Today, the 25th of November, the annual 16 Days of Activism against Gender Based Violence kicks off. It runs until the 10th of December. This is a global campaign started by activists, at the inaugural Women’s Global Leadership Institute in 1991.
LIn South Africa, it is referred to as 16 days of activism for no violence against women and children. The point of the 16 days is to highlight the plight of women and children, the predominant victims in our country, as well as to expand accountability beyond the Criminal Justice Sector, into civil society, our communities, our families and ultimately, ourselves.
For those of us who render services to victims all year round, the 16 Days Campaign is seen through rather cynical eyes. “What’s this 16 days of no violence nonsense…it should be 365 of no violence against anyone.”
We balk at the launches, the myriad campaigns, the full-page spreads in the newspapers, the pious sounding public service announcements, the invitations to participate in this march or that expo or this talk shop or that pamphlet drop.
Well, we used to. Our traditional (well earned) cynical view has started to look decidedly more optimistic.
At the tail end of 2019, we are starting to believe that there is a real desire from all stakeholders, on a national, provincial and local government level, to really get to grips with the pandemic of Gender Based Violence, Femicide and Violence in general, in our country.
On Friday, Community Cohesion hosted two of our Victim Empowerment partner organisations, Philisa Abafazi Bethu and The Trauma Centre for a collective debrief session at the Kirstenbosch Botanical Gardens. 32 of us who all work, in one way or another, with victims of violence and crime shared our approaches, our experiences, frustrations and SOLUTIONS.
It was a day that strengthened us as Victim Empowerment Practitioners and Specialists. No silo thinking. No gatekeeping. No fear that we are collaborating with our competitors for a share of the same piece of government-funding-pie. Just a solid affirmation of the importance of the direct services we render and a real commitment to work together for our clients and the country we all (would like to) live in.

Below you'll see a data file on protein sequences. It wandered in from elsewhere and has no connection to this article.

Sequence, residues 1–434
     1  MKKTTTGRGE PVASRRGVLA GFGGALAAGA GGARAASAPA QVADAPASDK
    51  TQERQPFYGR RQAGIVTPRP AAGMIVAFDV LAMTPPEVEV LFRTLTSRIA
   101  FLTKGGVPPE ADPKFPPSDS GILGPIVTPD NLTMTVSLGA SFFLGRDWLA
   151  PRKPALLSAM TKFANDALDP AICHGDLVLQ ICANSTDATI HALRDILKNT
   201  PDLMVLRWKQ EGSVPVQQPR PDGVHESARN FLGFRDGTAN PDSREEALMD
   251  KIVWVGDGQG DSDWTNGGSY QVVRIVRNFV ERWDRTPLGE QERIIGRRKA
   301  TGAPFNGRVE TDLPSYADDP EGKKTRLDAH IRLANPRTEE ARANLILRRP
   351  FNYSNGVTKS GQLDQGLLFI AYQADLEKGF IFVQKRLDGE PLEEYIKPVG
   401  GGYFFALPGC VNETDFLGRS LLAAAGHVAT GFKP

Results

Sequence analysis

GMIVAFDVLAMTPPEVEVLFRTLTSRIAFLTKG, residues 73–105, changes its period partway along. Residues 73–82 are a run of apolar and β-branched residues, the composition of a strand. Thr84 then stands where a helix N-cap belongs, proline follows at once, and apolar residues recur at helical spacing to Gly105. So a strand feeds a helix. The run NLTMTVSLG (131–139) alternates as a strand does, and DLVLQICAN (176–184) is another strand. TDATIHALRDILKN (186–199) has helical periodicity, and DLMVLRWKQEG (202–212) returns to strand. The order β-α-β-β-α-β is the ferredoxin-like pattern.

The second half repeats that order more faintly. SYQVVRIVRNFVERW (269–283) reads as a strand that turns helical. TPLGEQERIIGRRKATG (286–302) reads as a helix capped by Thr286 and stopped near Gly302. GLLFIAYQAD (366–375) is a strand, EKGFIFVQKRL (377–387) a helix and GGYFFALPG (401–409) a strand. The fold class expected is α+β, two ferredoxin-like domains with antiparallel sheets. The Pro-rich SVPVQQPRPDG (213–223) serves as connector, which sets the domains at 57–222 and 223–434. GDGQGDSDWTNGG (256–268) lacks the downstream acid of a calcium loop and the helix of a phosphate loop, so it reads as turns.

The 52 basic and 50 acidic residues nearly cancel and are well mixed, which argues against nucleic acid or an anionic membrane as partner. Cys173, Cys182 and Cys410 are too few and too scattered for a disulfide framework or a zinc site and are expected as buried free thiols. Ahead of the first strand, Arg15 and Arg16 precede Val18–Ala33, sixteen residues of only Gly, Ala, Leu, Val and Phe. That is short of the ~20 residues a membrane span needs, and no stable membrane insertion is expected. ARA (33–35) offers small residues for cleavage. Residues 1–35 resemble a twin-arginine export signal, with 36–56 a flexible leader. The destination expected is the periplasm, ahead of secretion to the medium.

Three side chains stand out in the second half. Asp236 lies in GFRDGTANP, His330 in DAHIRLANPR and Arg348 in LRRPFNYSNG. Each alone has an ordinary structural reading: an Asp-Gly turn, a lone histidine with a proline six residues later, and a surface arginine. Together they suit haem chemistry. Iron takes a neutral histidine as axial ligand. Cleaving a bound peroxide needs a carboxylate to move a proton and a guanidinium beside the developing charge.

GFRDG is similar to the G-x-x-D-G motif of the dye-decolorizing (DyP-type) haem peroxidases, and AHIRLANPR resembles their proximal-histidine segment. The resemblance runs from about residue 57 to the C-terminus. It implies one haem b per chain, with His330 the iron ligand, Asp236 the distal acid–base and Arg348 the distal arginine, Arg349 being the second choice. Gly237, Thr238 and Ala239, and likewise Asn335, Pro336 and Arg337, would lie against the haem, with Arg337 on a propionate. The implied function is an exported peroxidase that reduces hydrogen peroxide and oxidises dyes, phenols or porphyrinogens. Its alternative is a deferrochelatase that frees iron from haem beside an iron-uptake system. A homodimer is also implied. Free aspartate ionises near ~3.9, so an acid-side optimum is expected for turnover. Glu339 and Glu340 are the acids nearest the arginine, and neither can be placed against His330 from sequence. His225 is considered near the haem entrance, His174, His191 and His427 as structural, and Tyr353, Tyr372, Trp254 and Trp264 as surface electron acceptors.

Today, we were invited by our VEP Directorate to participate at the Premier of the Western Cape, Premier Winde’s launch of 16 Days, held in the Wale street concourse, aimed primarily at the thousands of Capetonians employed by the Provincial Government and the City of Cape Town. Again, it was affirming as the Premier and the key, strategic MEC’s spoke with a real sense of urgency and more importantly, honesty. We heard admissions of failure and the need to collaborate more closely with NGO’s and civil society. There was a challenge issued to everyone to be part of a solution.
Our new MEC of the Provincial Department of Social Development, Minister Sharna Fernandez, will be launching her 365 days of No Violence Campaign on the 11th of December. The day after the 16 Day’s campaign ends. She acknowledges that what we are facing in terms of GBV is a national crisis. Her campaign is #LetsGetToWork.
The National Gender Based Violence and Femicide (GBVF) Strategic Plan 2020 – 2030 is currently under final discussion and is to be released at the end of November 2019. The draft document can be found here:
In essence, the GBVF National Strategic Plan (NSP) (2020 – 2030) sets out to provide a cohesive strategic framework to guide the national response to the GBVF crisis that South Africa finds itself in.
In a country financially crippled after years of state capture, large scale corruption and morally reprehensible fiscal mismanagement, the NSP will remain just that if the budget needed to meet this plan is not secured.
We have been assured that the required budget has been allocated and will be closely monitored. We also heard today of accountability teams, across the ministries, to ensure that mandates are met or in more blunt terms – that people do their jobs.
So, after years of jargon, talking and lame, insulting platitudes, perhaps there is reason for optimism.
Perhaps in 2019, with the mass mobilisation around the far too numerous incidents of Gender Based Violence and Femicide being discussed in an honest way, we can dare to believe that there is finally the political will to tackle this national shame.
We have moved from cynical to cautiously optimistic to optimistic.
Sure, we still have knee jerk reactions when we hear that x amount of money is being put towards creating new task teams to investigate Gender Based Violence; why do that when the experts on the ground are doing it already (partnerships anyone?).